Winter-hardy hibiscuses are herbaceous perennials that regenerate from root buds each spring in USDA hardiness zones 5 through 9. Colloquially known as Rose Mallows, the most recent taxonomic revision (Blanchard, 1976) recognizes five species (Hibiscus coccineus Walter, Hibiscus dasycalyx Blake & Shiller, Hibiscus grandiflorus Michaux, Hibiscus laevis Allioni, and Hibiscus moscheutos L.) that comprise the North American taxon Hibiscus L. sect. Muenchhusia (Heister ex Fabricium) O. Blanchard (Malvaceae) (Small, 2004). A number of additional taxa associated with H. moscheutos have been variously recognized historically as varieties, subspecies, or distinct species. Primary among these are Hibiscus moscheutos subsp. palustris L., native to the northeastern United States, and Hibiscus moscheutos subsp. incanus Wendl., indigenous to the southeastern coastal plain (Blanchard, 1976).
Native populations prefer wetland habitats such as flood plains but are tolerant to wide fluctuations in soil moisture. Rose mallows are long-day plants (Warner and Erwin, 2001) that flower from late spring through fall. Flowers last for a single day with color varying from scarlet rose in H. coccineus to white, lavender, and pink shades in the other four species. Studies of pollination in H. moscheutos indicate that the species is generally self-compatible but that the trait is variable with some lines rapidly develop inbreeding depression in progeny (Snow and Spira, 1993). The five species have a shared chromosome number of N =19, but artificial hybridization studies resulted in grouping the species into two groups based on seed set (Wise and Menzel, 1971). Hibiscus grandiorus and H. moscheutos (Group I) were entirely interfertile, and H. coccineus and H. laevis (Group II) were also interfertile, but crosses between groups produced few viable seed. Although Wise and Menzel (1971) did not include H. dasycalyx in their studies, subsequent work has shown that H. dasycalyx is closely related to H. laevis (Klips. 1995; Small, 2004) and clearly belongs in Group II.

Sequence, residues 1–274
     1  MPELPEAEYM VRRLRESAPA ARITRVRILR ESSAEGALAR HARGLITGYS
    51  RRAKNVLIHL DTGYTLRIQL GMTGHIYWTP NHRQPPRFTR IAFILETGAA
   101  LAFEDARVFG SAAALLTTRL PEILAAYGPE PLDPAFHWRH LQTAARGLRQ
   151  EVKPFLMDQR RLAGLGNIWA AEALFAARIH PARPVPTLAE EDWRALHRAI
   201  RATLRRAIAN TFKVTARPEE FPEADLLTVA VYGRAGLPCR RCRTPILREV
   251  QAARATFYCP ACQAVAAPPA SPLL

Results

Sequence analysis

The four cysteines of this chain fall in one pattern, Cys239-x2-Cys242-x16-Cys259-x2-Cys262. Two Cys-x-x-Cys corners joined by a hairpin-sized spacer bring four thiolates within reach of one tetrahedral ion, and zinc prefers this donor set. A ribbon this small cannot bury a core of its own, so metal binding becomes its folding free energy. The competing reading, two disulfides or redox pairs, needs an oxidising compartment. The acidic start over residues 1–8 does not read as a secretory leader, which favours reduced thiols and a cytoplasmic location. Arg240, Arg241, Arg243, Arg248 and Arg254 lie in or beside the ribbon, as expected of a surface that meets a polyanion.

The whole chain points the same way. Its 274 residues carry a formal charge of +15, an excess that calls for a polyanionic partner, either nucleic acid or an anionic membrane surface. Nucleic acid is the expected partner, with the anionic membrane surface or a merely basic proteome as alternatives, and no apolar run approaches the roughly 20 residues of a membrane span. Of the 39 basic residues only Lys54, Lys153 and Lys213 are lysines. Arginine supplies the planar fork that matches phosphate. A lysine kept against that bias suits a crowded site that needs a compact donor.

Although breeding of rose mallows has focused on developing new clones with improved horticultural traits (Malinowski et al., 2012) such as branching and flower color, there is a need for clones with improved disease resistance, particularly in the southeastern United States. Both ‘Lufkin Red’ and ‘Lufkin White’ have desirable horticultural traits in combination with demonstrated high levels of field resistance to the leaf spot complex (Pirone, 1970) that is problematic on winter-hardy hibiscus clones in areas with warm nights and high humidity.
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